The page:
Welcome back to the Lovecraft reread, in which two modern Mythos writers get girl cooties all over old Howard’s original stories.
Today we’re looking at two early stories: “Memory,” written in 1919 and first published in the May 1923 issue of The National Amateur, and “Polaris,” written in 1918 and first published in the December 1920 issue of The Philosopher.
“One night as I listened to the discourse in the large square containing many statues, I felt a change; and perceived that I had at last a bodily form. Nor was I a stranger in the streets of Olathoë, which lies on the plateau of Sarkis, betwixt the peaks Noton and Kadiphonek. It was my friend Alos who spoke, and his speech was one that pleased my soul, for it was the speech of a true man and patriot.”
Unnamed narrator habitually watches the night sky from his chamber window, fascinated by Polaris, the Pole Star. It hangs ever in the same spot, far above a swamp of muttering trees and a cemetery on a low hillock. Winking like an insane eye, it tries to convey a message it can no longer recall.
When it’s cloudy, narrator can sleep.
Under a horned waning moon (yes, another one), narrator first dreams of the city, all marble on a strange plateau between strange peaks. Sometimes night reigns over the city. Sometimes a low sun never sets. Tall bearded men with grave faces and gray eyes converse in public squares. Initially narrator is content to visit the city as an incorporeal presence. But then he longs to join the inhabitants, realizing the marble city cannot be a dream. Indeed, how can he prove that the stone and brick house near the swamp and cemetery is the greater reality?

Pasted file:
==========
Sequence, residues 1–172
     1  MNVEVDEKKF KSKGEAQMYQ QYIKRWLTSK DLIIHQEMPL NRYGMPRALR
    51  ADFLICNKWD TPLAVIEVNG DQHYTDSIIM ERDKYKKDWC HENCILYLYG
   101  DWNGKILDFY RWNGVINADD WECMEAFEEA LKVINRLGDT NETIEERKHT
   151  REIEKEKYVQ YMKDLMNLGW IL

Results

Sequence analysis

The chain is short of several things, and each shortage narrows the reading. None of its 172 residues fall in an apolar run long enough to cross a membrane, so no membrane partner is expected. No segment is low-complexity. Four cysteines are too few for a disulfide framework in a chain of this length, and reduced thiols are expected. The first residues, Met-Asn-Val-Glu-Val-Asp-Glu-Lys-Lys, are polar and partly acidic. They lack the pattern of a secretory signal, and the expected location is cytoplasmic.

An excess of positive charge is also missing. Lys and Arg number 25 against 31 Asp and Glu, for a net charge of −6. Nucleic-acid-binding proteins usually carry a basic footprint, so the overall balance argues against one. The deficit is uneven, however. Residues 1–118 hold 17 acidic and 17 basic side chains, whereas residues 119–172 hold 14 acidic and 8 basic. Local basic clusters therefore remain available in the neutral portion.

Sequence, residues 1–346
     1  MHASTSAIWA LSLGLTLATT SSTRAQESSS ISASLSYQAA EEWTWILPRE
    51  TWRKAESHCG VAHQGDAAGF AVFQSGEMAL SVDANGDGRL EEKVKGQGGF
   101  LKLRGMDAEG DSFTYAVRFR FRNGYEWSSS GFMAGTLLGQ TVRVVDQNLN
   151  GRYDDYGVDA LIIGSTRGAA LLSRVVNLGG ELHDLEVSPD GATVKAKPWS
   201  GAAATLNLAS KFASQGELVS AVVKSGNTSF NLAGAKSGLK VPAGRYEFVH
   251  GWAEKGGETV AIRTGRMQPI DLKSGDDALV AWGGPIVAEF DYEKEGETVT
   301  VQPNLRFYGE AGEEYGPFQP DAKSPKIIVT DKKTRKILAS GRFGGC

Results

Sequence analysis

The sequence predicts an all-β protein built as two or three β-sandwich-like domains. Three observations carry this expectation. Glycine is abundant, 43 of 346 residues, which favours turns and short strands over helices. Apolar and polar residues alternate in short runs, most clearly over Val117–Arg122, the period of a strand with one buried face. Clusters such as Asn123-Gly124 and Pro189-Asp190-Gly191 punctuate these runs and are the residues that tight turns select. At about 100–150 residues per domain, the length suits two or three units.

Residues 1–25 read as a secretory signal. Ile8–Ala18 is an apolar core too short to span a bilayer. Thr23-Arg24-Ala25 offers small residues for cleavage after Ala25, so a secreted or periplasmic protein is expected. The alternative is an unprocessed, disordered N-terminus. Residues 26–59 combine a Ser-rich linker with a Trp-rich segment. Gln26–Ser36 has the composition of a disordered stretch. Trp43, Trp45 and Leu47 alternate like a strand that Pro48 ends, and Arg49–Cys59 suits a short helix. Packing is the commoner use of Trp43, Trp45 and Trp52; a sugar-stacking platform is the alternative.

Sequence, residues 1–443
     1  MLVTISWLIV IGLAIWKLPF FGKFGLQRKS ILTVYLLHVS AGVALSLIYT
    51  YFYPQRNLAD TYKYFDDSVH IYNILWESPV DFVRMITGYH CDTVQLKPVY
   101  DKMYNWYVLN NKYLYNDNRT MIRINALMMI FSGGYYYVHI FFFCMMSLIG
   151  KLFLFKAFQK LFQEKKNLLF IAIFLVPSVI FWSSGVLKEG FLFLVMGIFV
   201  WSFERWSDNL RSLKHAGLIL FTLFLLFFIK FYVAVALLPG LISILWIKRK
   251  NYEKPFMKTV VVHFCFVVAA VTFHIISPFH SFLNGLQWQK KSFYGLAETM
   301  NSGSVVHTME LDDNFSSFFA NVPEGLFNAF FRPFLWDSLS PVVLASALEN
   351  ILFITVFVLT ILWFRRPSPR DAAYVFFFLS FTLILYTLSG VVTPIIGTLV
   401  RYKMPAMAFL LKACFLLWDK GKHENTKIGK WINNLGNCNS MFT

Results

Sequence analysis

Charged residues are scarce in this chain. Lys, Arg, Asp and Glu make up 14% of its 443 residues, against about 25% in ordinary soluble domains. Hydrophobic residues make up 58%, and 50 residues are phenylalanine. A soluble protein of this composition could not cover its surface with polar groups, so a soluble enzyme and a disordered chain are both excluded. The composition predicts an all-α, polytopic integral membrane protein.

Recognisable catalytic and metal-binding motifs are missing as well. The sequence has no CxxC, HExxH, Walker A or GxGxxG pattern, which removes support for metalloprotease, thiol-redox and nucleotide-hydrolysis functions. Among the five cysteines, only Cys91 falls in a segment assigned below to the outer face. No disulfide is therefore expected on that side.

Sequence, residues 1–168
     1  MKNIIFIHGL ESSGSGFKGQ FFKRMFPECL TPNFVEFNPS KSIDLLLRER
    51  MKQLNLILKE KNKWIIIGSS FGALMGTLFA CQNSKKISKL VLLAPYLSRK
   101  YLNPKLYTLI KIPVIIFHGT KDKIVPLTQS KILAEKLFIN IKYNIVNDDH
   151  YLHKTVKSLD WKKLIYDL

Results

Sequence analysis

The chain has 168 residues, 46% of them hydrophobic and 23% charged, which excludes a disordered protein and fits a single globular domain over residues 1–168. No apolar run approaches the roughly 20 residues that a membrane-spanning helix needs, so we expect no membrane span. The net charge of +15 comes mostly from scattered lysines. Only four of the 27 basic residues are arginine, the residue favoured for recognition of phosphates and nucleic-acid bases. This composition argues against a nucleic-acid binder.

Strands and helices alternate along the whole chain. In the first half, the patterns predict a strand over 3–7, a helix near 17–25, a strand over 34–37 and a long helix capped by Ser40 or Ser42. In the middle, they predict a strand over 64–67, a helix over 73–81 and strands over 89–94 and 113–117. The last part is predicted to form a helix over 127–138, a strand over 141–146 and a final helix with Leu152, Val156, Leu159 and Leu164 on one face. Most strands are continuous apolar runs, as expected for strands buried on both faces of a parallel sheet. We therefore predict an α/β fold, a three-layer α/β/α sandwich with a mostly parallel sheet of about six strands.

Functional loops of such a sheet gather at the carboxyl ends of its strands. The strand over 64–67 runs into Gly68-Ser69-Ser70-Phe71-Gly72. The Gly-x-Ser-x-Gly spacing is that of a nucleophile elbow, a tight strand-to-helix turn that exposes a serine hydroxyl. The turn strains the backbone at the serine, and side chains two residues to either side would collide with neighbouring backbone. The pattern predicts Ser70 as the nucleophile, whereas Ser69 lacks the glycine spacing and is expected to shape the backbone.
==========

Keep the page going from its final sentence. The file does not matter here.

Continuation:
One night he achieves his desire to walk in the city, embodied as a grave man among other grave men. Nor is he a stranger in Olathoe, betwixt the peaks Noton and Kadiphonek. He is a citizen of the land of Lomar, and he must help his friend Alos, who commands the Lomarian forces in their fight against the Inutos, “squat yellow fiends” intent on conquest because not honorable like the tall gray-eyed men.